Resurface your MTB Rotors On Trail Video

Back to Blog

Resurface your MTB Rotors On Trail Video

Resurface your MTB rotors on trail video – BikeCo Tips in Sixty.

 

Whether from heat saturation or contamination occasionally riders will need to resurface rotors.

Signs that your rotors need to be resurface include being visibly darker, less total power, as well as noise under use as they heat up. Heat noise is typically a screech or squeak, opposed to contamination noise which generally sounds more like a goose honking.

What You Need

This is a simple task and a quick fix on trail.

You need a water bottle and a source of dirt without much organic material.

Organic material may have oils which will contaminate the rotors creating issues. In Southern California we tend to have sections of dirt without too much organic buildup. If you’re riding in pure loam dirt you may have additional issues with this…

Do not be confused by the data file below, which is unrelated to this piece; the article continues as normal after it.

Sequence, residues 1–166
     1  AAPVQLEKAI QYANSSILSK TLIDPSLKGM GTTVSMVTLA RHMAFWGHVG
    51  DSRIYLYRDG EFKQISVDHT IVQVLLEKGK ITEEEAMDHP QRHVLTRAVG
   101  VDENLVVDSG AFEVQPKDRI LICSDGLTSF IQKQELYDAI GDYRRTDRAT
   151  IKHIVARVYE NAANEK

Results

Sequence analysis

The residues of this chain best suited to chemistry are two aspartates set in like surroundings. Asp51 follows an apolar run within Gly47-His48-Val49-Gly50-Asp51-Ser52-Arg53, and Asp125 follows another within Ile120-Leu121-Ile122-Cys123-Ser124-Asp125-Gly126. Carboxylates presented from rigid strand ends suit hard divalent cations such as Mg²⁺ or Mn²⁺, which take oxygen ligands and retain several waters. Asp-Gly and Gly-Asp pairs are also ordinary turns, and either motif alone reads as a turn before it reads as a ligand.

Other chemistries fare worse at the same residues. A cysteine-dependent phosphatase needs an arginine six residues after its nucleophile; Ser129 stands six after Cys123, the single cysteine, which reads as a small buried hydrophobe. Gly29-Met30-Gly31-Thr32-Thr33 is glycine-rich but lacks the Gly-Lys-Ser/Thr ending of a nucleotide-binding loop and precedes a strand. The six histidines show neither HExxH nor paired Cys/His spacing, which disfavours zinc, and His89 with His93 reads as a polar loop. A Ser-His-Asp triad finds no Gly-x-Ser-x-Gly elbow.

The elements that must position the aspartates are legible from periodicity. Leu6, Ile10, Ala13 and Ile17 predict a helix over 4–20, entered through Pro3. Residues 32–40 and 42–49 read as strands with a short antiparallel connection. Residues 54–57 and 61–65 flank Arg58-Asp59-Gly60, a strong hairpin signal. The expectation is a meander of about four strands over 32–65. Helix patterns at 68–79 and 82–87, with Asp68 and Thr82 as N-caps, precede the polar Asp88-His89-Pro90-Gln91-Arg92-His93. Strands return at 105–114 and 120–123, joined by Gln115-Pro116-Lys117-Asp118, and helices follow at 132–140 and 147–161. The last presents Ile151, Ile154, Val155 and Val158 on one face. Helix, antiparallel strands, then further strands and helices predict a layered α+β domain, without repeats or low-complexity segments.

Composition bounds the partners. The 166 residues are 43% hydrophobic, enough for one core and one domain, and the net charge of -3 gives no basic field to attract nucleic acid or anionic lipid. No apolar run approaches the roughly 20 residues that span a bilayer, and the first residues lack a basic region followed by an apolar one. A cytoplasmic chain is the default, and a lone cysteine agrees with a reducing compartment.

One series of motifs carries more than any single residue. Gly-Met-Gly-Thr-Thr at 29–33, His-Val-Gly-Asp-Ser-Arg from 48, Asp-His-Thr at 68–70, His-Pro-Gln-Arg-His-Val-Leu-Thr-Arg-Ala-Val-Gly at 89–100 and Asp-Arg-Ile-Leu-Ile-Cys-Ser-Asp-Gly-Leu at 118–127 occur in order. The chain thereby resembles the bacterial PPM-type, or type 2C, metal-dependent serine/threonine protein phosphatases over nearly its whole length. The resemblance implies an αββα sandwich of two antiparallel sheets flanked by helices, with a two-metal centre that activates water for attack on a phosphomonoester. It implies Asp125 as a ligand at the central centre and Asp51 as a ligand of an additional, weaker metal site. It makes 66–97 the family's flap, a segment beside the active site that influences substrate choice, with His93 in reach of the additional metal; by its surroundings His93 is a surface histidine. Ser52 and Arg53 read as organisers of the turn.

What You Do

First create a small mud pit.

Dab your fingers into the mud pit. The grit of the dirt becomes like the grit on sandpaper. Rub your fingers around the rotor a couple times to resurface it.

Before you drop into that steep chute pedal a couple circles and snap the brakes. There will be more noise compared to resurfacing rotors in your garage – but this is an effective means to quiet a squealing rotor and provide more power during your ride. Obviously you should ensure proper brake function and power before riding!

What’s Next?

Riders constantly burning rotors may find the additional heat capacity of larger rotors a good option. Four piston brakes are another option for riders who want more power.

 

Check out more Tips & Tricks Here

 

*BikeCo.com takes no responsibility for your mechanical aptitude. If you have ANY doubts about your mechanical ability we suggest using a competent resource for bike service. These tips are posted to help riders with specific issues. If you are unable to competently diagnose your issue use a qualified resource. All systems should be tested and confirmed safe prior to resuming normal riding.

Share this post

Leave a Reply

Back to Blog